Our next guest is a prolific Aussie filmmaker who’s been working steadily in both film and television for years.
You might know him from his collaborations with Ben Mendelsohn in Australiana comedies Idiot Box (1996), Mullet (2001) and Prime Mover (2009). He also made the period crime comedy Dirty Deeds (2002), featuring Bryan Brown, Toni Collette, John Goodman, Sam Neill, and Sam Worthington, and directed the TV-to-film adaptation Nowhere Boys: The Book of Shadows.
He’s been prolific on television, directing episodes of RFDS, Water Rats, All Saints, Miss Fisher’s Muder Mysteries, Underbelly, Love Child and many more.
For audiences of a certain generation, he’s perhaps most recognisable from his role as one of the judges on Race Around the World, the 1997 ABC series that propelled John Safran to fame. Caesar was, for our money, the first iteration of the quintessentially antagonistic “mean” TV judge, and should really be sent regular royalties from Simon Cowell and all the other imitators.
But forget all that, because David’s about to experience his greatest credit to date: that of Hell Is For Hyphenates guest host!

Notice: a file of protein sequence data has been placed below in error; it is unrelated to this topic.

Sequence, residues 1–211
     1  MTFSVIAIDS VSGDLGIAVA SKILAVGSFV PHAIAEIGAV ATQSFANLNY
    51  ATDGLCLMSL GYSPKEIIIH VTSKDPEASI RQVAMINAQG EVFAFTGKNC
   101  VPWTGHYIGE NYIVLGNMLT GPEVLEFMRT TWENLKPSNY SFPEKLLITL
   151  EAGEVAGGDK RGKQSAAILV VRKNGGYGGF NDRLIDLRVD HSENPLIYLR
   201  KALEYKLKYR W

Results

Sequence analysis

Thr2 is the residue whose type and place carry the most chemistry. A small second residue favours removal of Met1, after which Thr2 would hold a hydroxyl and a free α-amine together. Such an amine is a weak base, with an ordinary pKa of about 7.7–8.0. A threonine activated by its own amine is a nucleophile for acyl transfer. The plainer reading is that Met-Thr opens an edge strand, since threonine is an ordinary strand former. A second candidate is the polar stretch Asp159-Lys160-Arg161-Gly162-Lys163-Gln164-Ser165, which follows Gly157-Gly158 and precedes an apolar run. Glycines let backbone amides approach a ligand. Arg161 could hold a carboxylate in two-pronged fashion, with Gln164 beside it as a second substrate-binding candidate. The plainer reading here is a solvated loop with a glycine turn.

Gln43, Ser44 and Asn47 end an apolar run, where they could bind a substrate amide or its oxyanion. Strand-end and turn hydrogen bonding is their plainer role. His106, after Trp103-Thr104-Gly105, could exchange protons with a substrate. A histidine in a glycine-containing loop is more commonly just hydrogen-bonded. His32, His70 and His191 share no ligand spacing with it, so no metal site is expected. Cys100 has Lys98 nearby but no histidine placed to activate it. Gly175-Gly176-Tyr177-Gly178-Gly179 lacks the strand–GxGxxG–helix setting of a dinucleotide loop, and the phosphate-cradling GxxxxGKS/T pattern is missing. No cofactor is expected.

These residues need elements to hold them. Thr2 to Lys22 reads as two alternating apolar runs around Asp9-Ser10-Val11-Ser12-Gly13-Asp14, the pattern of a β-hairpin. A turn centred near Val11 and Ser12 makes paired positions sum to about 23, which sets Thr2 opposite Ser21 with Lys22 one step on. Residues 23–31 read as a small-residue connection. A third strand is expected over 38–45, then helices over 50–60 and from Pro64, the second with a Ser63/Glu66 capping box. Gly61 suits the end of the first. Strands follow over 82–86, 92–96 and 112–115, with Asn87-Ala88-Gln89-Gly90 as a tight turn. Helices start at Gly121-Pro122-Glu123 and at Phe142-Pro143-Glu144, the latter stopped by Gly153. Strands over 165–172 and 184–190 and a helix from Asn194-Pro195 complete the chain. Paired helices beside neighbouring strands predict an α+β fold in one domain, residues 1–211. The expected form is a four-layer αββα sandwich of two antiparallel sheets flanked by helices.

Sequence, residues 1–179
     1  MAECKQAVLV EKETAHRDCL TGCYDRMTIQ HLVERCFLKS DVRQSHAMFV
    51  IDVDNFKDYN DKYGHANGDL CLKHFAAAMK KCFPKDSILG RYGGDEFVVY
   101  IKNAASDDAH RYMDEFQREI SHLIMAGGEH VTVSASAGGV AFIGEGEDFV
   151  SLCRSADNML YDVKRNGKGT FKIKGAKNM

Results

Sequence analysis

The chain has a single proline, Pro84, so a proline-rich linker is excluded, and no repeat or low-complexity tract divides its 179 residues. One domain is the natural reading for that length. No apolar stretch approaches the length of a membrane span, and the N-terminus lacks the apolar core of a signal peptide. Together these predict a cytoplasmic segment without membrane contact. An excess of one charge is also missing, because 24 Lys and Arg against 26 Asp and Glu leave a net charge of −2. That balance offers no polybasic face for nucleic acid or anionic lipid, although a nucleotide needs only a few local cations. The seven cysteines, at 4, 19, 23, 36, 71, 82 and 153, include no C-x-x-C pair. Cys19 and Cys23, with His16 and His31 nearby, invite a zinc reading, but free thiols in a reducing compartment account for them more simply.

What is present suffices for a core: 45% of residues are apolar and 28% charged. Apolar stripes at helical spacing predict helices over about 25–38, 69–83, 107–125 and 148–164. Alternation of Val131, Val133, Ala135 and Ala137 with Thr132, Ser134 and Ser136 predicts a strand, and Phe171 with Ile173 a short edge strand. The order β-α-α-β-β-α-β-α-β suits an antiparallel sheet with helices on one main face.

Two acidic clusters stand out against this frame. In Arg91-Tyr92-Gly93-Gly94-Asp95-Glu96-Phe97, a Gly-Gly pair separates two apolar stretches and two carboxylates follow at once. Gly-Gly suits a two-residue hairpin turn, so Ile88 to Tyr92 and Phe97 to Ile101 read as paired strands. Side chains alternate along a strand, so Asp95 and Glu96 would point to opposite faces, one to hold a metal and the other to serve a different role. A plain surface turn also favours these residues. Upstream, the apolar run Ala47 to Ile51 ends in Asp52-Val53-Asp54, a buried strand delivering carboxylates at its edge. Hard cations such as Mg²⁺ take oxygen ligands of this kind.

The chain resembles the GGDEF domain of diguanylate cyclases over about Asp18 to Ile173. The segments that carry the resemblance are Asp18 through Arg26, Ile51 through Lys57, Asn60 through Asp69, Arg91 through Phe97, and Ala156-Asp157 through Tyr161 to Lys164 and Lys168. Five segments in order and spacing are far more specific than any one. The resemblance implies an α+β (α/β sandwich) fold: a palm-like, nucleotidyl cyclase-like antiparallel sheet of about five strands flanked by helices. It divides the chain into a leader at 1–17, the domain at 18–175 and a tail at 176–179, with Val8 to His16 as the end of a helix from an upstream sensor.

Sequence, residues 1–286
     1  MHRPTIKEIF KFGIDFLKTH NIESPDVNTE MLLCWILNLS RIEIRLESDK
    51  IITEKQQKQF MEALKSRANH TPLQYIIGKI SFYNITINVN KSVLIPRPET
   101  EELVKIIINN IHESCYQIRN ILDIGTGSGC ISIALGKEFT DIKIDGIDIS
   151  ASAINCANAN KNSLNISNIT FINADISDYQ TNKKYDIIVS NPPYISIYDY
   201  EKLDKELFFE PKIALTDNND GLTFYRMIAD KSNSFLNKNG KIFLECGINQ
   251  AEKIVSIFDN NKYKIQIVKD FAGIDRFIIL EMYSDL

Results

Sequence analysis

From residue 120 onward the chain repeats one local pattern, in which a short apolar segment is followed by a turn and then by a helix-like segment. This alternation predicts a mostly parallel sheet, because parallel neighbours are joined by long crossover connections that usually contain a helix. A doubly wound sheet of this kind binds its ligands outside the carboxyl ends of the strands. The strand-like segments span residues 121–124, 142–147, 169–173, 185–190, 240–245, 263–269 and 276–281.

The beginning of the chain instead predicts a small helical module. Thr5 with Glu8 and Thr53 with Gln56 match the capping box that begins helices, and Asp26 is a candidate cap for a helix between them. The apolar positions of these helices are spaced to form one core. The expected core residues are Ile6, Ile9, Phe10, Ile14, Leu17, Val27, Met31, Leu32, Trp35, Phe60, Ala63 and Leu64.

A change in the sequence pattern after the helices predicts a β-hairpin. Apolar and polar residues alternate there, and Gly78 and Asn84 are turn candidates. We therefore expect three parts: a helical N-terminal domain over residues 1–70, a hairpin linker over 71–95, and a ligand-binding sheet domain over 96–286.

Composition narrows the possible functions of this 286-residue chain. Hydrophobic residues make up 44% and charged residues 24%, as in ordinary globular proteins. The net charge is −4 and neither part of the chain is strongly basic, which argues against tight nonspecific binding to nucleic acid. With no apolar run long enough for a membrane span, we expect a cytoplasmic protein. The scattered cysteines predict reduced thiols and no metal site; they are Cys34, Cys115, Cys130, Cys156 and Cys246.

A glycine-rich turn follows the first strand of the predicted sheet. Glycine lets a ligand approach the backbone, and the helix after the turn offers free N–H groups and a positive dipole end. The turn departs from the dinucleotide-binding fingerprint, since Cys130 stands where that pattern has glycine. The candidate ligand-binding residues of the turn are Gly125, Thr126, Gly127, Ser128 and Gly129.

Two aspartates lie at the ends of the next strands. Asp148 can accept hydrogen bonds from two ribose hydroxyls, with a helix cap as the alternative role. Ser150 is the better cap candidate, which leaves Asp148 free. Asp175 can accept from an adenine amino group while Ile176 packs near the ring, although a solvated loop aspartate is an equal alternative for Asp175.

Which filmmaker has he chosen to talk about on the show?
None other than Bruno Dumont!
Dumont has been making feature films since the late 1990s, first known for his gritty rural French dramas La vie de Jésus (1997) and L’humanite (1999), the latter of which won him the Grand Prix at Cannes. He’s dipped his toe into existential horror with Twentynine Palms (2003), gone to war in Flandres (2006), and explored the effects of religion in Hadewijch (2009) and Hors Satan (2011).
He often works with nonprofessional actors, but has recently begun collaborating with stars like Juliette Binoche for the period biopic Camille Claudel 1915 (2013) and the high-concept comedy Ma Loute (2016).
Dumont has also worked in TV, his mini-series P’tit Quinquin (2014) becoming a smash hit and prompting him to make the follow-up Coincoin et les z’inhumains (2018), which you should really track down immediately.
He has just wrapped production on a sequel to his 2017 film, Jeanette, l’enfance de Jeanne d’Arc (2017), a musical about Joan of Arc featuring young Joan headbanging to the heavy metal she’s also singing. Seriously. It’s a trip.
As you can probably tell, Dumont is clearly one of the most interesting filmmakers working today. But what is it about his films that appeals to David so much? Join us on February 28 when we find out!